11
Presentation to BGRI Technical Workshop, Session
12, August 22
Walter Messier, EG Chief Scientific Officer
© 2013. Evol...
22
Thank you Charles Darwin: A description of
candidate wheat genes that may control wheat rust,
derived from an evolution...
33
Our approach depends upon pairwise comparisons
of transcriptomes on a gene-by-gene basis using the
signature of positiv...
Previous Work
•  Our approach uses pairwise comparisons in a system where there appears to have
been a recent selective sh...
55
Positive selection can be detected in protein-coding
genes by pairwise comparisons of the ratios of
nonsynonymous nucle...
6
Selected and Conserved Genes
•  Positively selected genes: Ka/Ks > 1
non-synonymous nucleotide changes (Ka)
exceed synon...
7
Molecular Evolution Analysis
Positively selected genes: Ka/Ks > 1
non-synonymous nucleotide changes per non-synonymous (...
Results
•  Analysis on-going: 3 positively selected genes have been
confirmed so far
•  Our first candidate appears to med...
Bowman-Birk type trypsin inhibitors
•  Serine protease inhibitors that block trypsin
•  Present in archaea, bacteria, fung...
Serpin 1
● Overall, Serpin 1 shows conservation of the ‘double-headed’ structure seen in cereal
serpins, nonetheless, this...
Serpin 1 Sequence Alignment
© 2010 Evolutionary Genomics. All Rights Reserved
11
Metallothioneins
•  Superfamily of short proteins, rich in cysteines
•  In many organisms, these proteins are metal-binder...
Candidate MT2
● Plant metallothioneins: conserved primary protein structure (Cys-Xaa-Cys): two
cysteine-rich terminal doma...
We are looking for partners
•  EG’s goal in this project was to identify potential gene candidates for wheat
stem rust res...
15
Thank you
Tepper Koga
Geoff Hirsch
Kari Koga
David Johnson
Ginny Orndorff
Steve Warnecke
Charles Darwin
We thank the Bi...
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Thank You Charles Darwin: A Description of Candidate Wheat Genes that may Control Wheat Rust, Derived from an Evolutionary-based Approach

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Thank You Charles Darwin: A Description of Candidate Wheat Genes that may Control Wheat Rust, Derived from an Evolutionary-based Approach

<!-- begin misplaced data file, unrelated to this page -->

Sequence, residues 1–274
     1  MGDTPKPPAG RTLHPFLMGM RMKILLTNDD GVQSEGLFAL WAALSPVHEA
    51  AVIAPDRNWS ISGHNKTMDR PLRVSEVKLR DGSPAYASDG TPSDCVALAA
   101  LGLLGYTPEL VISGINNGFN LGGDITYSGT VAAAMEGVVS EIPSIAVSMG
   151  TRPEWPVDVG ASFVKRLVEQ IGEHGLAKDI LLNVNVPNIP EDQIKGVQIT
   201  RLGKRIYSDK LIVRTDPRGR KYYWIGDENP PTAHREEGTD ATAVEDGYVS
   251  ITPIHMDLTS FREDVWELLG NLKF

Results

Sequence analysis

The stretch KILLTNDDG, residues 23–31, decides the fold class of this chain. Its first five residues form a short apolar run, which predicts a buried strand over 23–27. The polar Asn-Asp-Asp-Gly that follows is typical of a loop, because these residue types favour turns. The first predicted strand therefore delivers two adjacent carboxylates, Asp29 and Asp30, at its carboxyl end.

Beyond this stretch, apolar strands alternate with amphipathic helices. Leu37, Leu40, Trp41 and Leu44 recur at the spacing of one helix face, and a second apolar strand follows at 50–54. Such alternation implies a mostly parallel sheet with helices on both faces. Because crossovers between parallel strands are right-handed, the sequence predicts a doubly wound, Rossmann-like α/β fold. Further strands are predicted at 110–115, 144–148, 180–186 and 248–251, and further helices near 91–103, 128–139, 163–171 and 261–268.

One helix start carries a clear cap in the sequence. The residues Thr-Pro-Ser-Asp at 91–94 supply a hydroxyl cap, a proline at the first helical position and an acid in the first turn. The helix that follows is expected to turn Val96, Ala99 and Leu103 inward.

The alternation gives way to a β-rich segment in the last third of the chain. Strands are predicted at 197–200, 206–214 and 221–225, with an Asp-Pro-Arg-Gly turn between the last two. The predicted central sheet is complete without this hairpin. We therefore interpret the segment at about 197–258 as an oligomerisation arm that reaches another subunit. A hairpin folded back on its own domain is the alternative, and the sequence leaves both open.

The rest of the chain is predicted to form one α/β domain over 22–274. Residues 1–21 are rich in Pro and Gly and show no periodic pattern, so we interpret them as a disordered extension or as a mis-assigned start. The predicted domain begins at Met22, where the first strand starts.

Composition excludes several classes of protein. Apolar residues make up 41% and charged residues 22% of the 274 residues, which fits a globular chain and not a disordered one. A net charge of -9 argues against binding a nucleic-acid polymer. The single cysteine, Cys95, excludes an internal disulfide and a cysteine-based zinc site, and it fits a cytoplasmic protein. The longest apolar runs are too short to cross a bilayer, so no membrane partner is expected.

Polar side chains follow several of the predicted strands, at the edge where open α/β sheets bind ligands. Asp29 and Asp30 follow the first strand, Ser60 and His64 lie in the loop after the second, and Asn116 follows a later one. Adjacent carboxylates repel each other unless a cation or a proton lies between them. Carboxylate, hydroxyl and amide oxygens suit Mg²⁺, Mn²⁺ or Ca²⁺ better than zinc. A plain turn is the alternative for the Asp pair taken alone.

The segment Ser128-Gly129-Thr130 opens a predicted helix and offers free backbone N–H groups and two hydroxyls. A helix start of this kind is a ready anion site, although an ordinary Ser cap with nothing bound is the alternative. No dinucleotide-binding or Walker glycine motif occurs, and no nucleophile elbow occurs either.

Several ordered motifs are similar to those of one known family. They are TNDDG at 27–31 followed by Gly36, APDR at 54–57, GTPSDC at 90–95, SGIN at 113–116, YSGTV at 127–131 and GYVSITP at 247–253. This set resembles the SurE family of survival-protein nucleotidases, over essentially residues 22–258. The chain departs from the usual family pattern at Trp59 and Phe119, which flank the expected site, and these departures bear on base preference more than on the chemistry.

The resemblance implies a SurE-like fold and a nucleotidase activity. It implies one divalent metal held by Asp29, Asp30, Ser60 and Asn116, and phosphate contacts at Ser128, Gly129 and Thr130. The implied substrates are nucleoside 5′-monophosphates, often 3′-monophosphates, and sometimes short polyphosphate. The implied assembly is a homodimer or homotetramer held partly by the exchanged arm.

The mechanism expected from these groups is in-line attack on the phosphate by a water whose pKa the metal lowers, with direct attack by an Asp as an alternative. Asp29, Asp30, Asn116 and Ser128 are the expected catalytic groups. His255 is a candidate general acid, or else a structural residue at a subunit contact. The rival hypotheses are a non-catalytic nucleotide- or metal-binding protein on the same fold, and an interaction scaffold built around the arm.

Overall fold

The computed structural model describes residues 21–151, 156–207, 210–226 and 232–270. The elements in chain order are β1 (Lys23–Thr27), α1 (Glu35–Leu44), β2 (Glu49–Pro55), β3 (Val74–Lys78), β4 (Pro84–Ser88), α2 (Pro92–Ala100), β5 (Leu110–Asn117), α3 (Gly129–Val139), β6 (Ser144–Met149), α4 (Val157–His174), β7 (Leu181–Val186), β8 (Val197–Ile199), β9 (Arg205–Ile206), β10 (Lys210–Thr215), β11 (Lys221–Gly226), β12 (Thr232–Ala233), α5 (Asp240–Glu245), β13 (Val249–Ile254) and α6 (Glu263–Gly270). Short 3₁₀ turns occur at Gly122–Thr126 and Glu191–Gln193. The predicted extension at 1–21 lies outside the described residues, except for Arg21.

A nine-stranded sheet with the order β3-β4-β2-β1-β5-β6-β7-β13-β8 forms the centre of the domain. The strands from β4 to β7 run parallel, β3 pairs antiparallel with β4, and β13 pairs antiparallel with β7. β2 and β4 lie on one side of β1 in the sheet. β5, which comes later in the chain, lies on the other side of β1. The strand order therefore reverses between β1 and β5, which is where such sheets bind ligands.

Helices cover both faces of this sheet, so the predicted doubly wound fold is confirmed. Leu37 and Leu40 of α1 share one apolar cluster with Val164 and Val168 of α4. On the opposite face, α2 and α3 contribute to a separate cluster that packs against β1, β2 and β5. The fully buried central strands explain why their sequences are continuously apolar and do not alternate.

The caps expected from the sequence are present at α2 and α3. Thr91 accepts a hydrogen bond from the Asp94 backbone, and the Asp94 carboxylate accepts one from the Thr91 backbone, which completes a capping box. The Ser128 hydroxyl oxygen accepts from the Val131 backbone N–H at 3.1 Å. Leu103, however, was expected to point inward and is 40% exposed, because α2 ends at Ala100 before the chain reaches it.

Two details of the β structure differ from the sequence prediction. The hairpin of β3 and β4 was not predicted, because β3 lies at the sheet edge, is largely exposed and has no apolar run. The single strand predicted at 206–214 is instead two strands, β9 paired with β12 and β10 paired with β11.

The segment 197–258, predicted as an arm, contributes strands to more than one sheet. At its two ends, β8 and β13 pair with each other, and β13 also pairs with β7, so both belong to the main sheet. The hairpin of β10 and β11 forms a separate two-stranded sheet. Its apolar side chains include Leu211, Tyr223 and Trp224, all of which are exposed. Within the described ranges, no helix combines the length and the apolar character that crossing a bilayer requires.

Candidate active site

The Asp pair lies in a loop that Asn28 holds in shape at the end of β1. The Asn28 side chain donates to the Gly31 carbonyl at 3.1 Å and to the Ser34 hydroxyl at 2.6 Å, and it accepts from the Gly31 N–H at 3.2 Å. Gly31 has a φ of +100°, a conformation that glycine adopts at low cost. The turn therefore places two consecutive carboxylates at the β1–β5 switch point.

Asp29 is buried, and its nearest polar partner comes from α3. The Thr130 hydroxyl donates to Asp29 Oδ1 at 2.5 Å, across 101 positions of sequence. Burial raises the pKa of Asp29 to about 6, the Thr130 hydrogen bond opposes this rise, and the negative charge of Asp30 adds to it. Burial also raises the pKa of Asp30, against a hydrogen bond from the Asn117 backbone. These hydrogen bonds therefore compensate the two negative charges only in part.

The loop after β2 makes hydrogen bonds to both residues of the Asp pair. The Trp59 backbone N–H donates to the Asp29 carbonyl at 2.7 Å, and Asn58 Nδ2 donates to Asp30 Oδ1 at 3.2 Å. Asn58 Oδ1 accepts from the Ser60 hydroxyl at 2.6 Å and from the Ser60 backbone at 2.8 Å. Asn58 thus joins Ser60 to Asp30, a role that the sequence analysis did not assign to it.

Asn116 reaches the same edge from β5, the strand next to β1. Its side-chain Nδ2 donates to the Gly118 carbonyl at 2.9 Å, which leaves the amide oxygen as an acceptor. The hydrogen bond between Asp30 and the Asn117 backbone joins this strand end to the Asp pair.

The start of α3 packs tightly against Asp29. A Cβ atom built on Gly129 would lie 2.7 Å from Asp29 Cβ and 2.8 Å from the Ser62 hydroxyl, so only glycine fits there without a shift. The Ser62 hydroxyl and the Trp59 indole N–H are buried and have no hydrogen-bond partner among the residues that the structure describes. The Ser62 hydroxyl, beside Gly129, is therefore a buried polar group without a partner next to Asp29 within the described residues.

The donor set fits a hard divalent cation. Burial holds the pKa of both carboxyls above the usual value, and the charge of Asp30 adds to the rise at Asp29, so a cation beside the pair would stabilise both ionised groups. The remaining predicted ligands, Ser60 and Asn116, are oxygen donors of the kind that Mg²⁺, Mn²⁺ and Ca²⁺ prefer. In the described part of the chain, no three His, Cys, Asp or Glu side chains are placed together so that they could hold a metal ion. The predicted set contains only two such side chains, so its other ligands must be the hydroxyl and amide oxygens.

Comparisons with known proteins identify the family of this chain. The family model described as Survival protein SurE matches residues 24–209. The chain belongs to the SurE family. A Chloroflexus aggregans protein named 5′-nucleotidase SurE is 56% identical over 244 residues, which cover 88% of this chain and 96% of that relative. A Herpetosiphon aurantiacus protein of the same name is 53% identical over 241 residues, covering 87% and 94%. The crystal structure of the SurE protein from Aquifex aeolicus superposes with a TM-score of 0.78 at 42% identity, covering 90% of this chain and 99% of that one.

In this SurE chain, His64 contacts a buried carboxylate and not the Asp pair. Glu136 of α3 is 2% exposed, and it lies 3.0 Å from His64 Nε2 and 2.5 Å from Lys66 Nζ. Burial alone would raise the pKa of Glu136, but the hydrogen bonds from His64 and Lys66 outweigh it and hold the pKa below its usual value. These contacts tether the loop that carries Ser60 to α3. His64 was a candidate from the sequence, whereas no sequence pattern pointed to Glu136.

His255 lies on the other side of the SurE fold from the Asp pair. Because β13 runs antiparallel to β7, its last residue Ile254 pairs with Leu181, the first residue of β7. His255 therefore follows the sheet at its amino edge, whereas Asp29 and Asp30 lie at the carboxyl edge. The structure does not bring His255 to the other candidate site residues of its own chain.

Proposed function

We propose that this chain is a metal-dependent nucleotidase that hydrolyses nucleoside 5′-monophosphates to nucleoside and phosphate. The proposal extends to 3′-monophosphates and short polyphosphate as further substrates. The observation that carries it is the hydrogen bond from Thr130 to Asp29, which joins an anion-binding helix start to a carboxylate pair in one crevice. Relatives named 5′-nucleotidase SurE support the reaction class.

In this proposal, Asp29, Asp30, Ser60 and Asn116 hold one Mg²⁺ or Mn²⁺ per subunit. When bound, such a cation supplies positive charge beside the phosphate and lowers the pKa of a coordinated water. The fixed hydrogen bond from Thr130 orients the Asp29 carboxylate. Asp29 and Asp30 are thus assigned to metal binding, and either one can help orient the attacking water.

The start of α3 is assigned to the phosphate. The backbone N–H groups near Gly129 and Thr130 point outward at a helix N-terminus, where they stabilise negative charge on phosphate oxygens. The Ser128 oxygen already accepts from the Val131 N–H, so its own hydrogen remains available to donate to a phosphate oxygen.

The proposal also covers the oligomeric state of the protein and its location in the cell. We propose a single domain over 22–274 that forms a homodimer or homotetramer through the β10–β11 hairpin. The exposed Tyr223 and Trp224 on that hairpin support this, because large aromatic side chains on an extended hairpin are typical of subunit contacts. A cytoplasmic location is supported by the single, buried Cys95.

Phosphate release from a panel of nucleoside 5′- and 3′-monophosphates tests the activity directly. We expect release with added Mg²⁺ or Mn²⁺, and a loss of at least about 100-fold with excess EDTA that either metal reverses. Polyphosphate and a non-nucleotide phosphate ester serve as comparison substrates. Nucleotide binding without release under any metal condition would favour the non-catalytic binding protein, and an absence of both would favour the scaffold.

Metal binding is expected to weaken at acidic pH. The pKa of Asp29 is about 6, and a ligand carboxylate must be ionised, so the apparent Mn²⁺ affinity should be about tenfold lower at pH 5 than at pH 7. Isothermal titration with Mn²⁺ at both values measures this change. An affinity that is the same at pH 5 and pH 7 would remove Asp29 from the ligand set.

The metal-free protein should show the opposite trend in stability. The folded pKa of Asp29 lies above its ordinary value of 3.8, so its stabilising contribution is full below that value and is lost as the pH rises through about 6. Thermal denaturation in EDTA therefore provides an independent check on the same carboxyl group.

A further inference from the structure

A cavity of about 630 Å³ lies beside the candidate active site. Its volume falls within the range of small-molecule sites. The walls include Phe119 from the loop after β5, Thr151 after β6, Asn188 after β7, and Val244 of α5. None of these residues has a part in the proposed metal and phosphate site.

1. 1. 11 Presentation to BGRI Technical Workshop, Session 12, August 22 Walter Messier, EG Chief Scientific Officer © 2013. Evolutionary Genomics. All Rights Reserved
  2. 2. 22 Thank you Charles Darwin: A description of candidate wheat genes that may control wheat rust, derived from an evolutionarily based approach Goal: To identify possible gene candidates for control of wheat stem rust Ug99. Approach: Assess the genome of Triticum monococcum for positively selected genes that may have recently evolved in response to selection pressure from Ug99.
  3. 3. 33 Our approach depends upon pairwise comparisons of transcriptomes on a gene-by-gene basis using the signature of positive selection as a screen. Positive selection is here narrowly defined as changes in protein sequence that have occurred as a response to selective pressures, rather than simply as a result of stochastic fixation of random amino acid replacements. Positively selected changes give rise to novel protein conformations and thus new functions.
  4. 4. Previous Work •  Our approach uses pairwise comparisons in a system where there appears to have been a recent selective shift that occurred as a response to strong selective pressure •  Cassava: candidate genes for resistance to cassava brown streak disease (CBSD) using wild relatives of cassava •  Soybean: we have validated genes for control of soybean cyst nematodes (SCN) •  Candidates were validated in transgenic assays that demonstrate we can induce SCN resistance in previously susceptible commercial soybean cultivars. We are negotiating with a major agricultural company to license this genes for application in their germplasm •  Candidate yield genes being field tested by our rice seed partner